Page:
PNG Has No Obligation to Keep Refugees : Kantha
By ISAAC NICHOLAS ( Post Courier )
Papua New Guinea will be pushing for a review of the current Refugee Resettlement Agreement (RRA) on the future of the remaining refugees on Manus Island.
Acting Chief Migration Officer Solomon Kantha said yesterday that PNG currently does not have an obligation to continue keeping the refugees on Manus Island.
“The key aspect in the revised agreement and PNG’s position is that we will put on the table, one is the clear understanding of responsibilities, obligations, what type of level of funding or other support that must be provided to PNG,” Mr Kantha said
“Another issue is a reasonable time-frame. Obviously individuals who are here are not going to remain forever in Manus. We will try to reduce their numbers as much as possible.”
Mr Kantha in an interview at Harbourside hotel in Lorengau said that going forward there are a lot of challenges as the Minister for Immigration and Border Security Petrus Thomas has highlighted, PNG has no obligation under the current arrangement to deal with new groups that have come out in terms of processing.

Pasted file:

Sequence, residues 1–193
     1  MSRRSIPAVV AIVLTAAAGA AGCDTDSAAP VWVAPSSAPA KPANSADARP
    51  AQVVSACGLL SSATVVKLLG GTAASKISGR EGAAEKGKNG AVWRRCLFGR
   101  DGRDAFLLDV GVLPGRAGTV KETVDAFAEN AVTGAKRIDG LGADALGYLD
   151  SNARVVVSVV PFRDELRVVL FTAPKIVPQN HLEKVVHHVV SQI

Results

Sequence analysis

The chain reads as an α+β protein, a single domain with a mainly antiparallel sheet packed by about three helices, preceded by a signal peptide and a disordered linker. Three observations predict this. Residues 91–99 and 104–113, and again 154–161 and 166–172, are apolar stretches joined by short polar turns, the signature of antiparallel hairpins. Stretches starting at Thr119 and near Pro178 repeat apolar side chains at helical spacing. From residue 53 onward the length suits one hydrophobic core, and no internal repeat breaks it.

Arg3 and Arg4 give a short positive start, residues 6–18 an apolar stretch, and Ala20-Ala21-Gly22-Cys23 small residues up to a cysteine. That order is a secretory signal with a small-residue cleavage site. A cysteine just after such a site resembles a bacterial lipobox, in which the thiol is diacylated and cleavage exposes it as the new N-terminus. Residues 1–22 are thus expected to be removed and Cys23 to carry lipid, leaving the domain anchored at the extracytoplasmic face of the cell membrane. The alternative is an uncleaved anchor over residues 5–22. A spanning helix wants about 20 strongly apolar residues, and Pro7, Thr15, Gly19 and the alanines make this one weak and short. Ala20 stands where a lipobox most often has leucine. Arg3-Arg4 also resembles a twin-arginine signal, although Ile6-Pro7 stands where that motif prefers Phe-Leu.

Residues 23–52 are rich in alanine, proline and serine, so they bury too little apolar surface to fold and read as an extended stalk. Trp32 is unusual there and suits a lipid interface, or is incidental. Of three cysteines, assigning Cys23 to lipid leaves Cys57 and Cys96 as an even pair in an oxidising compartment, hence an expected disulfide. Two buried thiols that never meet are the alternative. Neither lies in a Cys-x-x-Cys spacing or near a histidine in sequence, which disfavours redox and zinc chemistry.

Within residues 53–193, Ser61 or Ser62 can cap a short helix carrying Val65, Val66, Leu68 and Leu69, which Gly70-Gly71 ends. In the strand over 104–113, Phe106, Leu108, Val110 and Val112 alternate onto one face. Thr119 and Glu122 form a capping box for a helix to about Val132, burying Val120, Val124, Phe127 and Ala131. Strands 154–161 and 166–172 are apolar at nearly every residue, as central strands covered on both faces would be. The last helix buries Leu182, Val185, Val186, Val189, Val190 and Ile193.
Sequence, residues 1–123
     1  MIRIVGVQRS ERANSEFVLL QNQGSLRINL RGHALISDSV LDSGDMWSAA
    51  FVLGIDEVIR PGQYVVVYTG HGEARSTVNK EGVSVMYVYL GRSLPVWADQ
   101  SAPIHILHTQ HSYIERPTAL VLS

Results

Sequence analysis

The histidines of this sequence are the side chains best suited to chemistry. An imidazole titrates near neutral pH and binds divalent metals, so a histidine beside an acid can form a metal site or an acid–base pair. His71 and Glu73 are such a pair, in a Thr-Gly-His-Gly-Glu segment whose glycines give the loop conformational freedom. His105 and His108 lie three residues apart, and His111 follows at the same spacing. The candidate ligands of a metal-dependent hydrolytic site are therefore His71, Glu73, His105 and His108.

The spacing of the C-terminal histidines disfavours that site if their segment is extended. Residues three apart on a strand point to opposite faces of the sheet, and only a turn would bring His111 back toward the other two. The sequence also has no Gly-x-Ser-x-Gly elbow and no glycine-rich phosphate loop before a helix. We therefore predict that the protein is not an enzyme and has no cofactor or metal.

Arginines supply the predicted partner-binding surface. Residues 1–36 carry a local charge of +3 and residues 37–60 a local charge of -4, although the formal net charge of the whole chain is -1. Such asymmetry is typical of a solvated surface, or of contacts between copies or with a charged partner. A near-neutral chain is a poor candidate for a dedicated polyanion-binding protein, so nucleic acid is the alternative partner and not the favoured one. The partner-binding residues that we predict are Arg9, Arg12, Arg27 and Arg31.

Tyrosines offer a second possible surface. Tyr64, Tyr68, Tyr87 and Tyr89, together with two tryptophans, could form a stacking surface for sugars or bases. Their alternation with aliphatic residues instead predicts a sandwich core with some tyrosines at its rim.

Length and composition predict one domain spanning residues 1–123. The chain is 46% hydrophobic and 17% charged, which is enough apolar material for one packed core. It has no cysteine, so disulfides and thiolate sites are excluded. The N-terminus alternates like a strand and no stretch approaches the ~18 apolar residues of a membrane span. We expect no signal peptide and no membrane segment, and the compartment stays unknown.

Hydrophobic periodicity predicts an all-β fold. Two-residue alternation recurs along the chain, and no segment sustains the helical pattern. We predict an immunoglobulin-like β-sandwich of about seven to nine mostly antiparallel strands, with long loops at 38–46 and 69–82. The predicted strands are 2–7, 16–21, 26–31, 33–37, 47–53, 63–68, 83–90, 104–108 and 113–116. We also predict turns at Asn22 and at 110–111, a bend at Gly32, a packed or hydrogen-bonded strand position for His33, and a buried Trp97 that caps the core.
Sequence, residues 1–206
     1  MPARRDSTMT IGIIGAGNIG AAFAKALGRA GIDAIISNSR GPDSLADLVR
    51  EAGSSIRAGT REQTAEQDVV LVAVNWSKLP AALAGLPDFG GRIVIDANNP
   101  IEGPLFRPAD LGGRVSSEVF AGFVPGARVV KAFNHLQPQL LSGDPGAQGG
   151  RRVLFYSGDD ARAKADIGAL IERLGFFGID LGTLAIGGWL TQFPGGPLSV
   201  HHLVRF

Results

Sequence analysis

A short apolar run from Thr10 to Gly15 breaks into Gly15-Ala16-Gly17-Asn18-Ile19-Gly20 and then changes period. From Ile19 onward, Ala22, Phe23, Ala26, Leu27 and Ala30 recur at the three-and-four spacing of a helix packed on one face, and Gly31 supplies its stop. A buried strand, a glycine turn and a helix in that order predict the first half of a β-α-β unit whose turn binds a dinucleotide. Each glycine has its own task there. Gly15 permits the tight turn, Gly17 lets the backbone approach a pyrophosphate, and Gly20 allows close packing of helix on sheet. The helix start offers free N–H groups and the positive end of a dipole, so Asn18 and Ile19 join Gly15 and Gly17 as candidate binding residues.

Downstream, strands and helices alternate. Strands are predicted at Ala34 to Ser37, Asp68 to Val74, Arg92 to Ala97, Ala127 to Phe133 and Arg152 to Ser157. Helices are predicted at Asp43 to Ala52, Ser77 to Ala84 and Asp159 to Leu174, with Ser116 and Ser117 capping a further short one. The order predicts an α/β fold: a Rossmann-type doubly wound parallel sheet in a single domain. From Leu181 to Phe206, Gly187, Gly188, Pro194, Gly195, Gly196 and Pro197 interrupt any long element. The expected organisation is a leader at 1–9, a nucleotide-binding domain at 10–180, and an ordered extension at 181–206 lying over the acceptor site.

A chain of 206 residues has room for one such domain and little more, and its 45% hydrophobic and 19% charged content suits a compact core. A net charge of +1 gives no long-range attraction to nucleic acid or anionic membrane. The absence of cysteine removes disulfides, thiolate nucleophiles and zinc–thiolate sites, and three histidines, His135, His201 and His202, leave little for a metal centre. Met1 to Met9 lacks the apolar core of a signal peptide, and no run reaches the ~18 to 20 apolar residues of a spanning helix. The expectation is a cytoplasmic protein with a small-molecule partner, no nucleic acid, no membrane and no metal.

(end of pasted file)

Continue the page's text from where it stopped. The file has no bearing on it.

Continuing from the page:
“Initial agreement is for us to accept the transfer of asylum seekers, process them and resettle them and only those willing to resettle in PNG will stay,” Kantha said
“Now we have two groups who do not want to resettle in PNG and those who do not have any legal basis to remain as refugees.
“This falls outside the current agreement and that is why Australia will continue to support the facility until we find a solution.”
He said the way forward will be what PNG Immigration and Australian Border Force decides in the next week.
Mr Kantha said himself and Chief Secretary Isaac Lupari had a meeting on Tuesday with the Australian High Commissioner and a representative of the Australian Border Force to “urgently” request a meeting to discuss a way forward in the interest of both Governments on how to deal with the people remaining on Manus.
“For PNG’s interest what we want to do is we want a clear way forward in terms of the future of refugees who do not have any basis for remaining in the country so they have to go,” he said.
“There is a handful of them that cannot return to their country because they cannot accept them so there is a need for Australia to support PNG to move them out.”
Kantha said many under this category are the biggest group of Iranians, Iraqis and Pakistanis who remain defiant at Lombrum and are not refugees.
“Way forward is to get an understanding on how we can deal with them, the sooner we reduce the number, it is better for us to manage and better in terms of local perception in terms of their security concerns both for refugees and locals,” he said.